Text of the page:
It’s always been a dream of mine to become a writer. Funny thing is, I’ve never actually viewed myself as a writer- so I suppose it’s an odd dream… In June, I spent a week in New York at Teacher’s College learning from some of the most brilliant minds! A theme that kept coming back to me was, to teach writers we need to be writers.
I was incredibly uncomfortable whenever we were asked to write, because I knew a share would be following it up. But like everyone, I just did it, and it got easier by the end of the week. I realized I wasn’t the only one who felt this way. Many others shared the same feelings of inadequacy as a writer, and consequently, as a teacher of writing.
So here I am! With the encouragement of some great leaders, I am starting my first blog. In doing so, I am building my writing life while sharing ideas with others both near and far. I hope you find these ideas and resources helpful. In return, please comment and share any ideas you might have. I’m always looking to grow my resources!
During the institute I worked alongside Katie Clements. If you don’t already follow her on Twitter, you should follow her @clemenkat. She is a wonderful resource to teachers! I attended a closing workshop run by her on creating toolkits for writing; specifically conferring and small group work. To say I was inspired would be a huge understatement! That day, I went to the bookstore, grabbed a sketchbook, some markers and I headed back to my hotel to get started on creating my own demonstration notebook.
Today, I am sharing some of the pages I have created for narrative writing. Some of the tips Katie gave us are:
- It doesn’t have to be perfect, if you make a mistake, cross it out.
- The text needs to mimic the writing your students write in sentence structure and length.
- Make it colorful.
- Give it a catchy title.
- Add some illustrations.
- Keep post-its on the page to give to students- they will seem more special.
- Just make the pages! (This goes back to my first point) If you spend too much time planning them, you will never make them and…you will never use the notebook.
Katie allowed us to take a few pictures of her notebook, but told us it would be more powerful if we came up with our own pages. Yes, there was a huge sigh when she told us this, but I have to say she was right. The process of writing my own text was harder than I thought it would be! I kept wanting to make the text more sophisticated, I really had to stop and think, “How would a third grader write this?” I realized, my text isn’t perfect but the kids reading it won’t have perfect text either, so….it works.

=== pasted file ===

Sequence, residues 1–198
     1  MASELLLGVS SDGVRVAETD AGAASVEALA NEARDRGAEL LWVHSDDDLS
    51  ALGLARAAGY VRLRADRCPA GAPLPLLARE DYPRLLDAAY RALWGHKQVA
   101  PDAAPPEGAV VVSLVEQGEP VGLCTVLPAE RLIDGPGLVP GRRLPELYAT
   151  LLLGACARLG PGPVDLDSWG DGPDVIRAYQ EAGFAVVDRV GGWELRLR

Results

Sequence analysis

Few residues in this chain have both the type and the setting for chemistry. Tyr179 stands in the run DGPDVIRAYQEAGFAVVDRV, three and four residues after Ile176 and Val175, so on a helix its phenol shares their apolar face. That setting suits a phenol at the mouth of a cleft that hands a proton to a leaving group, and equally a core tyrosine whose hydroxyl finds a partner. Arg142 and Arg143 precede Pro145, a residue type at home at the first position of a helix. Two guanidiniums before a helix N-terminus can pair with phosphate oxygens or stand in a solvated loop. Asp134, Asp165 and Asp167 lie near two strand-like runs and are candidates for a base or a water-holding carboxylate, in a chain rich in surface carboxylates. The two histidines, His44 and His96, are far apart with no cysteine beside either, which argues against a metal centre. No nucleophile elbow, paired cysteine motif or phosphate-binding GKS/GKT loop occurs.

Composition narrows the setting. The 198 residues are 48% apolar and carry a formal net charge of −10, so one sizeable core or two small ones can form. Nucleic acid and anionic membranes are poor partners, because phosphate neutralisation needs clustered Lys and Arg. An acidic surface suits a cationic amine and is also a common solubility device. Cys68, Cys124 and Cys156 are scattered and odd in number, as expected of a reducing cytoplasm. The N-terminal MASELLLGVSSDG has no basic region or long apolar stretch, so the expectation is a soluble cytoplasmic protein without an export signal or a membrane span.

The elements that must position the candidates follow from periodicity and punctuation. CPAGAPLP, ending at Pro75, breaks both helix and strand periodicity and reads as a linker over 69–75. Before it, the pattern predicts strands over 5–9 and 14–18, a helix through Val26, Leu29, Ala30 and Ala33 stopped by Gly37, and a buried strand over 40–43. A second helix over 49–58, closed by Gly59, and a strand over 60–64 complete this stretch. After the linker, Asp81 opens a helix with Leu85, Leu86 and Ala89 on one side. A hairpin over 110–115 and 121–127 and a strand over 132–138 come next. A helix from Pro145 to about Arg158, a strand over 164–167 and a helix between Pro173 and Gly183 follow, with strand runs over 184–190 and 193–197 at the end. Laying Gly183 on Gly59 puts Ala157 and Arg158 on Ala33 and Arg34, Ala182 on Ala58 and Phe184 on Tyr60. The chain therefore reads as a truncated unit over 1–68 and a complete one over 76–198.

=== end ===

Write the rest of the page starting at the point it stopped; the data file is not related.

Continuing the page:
This was the first page I made- I won’t say created, because this was one of the pages Kate let us take a picture of. 🙂 I simply changed the text at the top.
This, I’m sure will be a page I use A LOT! Many kids struggle with adding too much dialogue in their writing. You can use the post-it notes to demonstrate how to add layers to dialogue. It’s up to you if you want to include all 3 ways on one page. You might want to make a separate page for each layer. This would definitely differentiate for students, especially if you teach younger children.
Give students the demonstration writing as a reminder to use this strategy in their writing. I’m going to have my students place the post-its on evidence of this work. (This goes for all of my demonstration pages.) This will save time “hunting” for this work when we meet again.
If your students don’t struggle with quotation marks, please share what you are doing! Mine always struggle with this! On this particular page, I am going to tape transparency film over the text so we can do this work together and I can erase it and use the page again…another hot tip from Katie!
I lifted a sentence out of the text to demonstrate what it could sound like. With students I will lift another sentence out for practice. We will then move to their notebook to see where they can mimic this work.
This page will be used to demonstrate how writers use inner thinking. I might even use some examples from our classroom to practice this skill with students first. For example, I might use the “action” of walking into the classroom for the first time. I could ask them what their “reaction” or inner thinking was at that moment, and do some oral rehearsing. Then move to the demonstration notebook to do this work in writing. Again, it really depends on the student or group you have in front of you.
As I said earlier, the pages aren’t perfect! The text on this page is probably too long, but I can still use it and if it’s not working, always add a new page to this section. I wanted to try to get a story down from beginning to end that lacked real meaning. I found this to be hard without having a lot of text. The post-its are on the page next to it.
Well, that’s all for now! Stay tuned for more resources and tools to use with your students! But, before I go, thank you to Katie Clements for her inspiration, ideas and support in creating these pages! Also, to Fran McVeigh, who really encouraged me to start this blog!
You can follow Fran McVeigh on Twitter @franmcveigh and read her amazing HERE! She has some great information about building toolkits too!